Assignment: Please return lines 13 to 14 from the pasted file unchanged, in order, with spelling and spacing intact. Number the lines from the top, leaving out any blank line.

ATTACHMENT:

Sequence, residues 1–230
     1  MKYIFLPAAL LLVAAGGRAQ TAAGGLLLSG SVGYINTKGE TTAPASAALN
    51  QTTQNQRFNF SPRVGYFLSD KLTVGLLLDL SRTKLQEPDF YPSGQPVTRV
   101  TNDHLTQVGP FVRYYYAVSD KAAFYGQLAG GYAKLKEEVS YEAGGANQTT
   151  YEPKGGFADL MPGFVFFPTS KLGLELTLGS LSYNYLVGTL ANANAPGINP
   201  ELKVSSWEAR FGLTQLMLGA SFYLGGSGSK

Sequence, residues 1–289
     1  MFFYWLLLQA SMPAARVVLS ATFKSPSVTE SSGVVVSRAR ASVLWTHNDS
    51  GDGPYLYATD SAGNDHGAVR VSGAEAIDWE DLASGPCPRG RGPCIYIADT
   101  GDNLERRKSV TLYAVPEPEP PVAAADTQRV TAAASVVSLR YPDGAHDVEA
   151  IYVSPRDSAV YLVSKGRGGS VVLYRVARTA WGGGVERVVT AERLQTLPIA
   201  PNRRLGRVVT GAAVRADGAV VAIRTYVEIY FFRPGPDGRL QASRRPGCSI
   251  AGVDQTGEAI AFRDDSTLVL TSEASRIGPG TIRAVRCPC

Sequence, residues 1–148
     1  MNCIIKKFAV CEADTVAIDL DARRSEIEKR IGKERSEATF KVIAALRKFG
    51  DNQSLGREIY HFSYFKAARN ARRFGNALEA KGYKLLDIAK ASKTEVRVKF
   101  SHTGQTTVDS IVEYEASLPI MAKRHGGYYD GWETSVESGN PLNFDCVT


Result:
   251  AGVDQTGEAI AFRDDSTLVL TSEASRIGPG TIRAVRCPC

Sequence, residues 1–148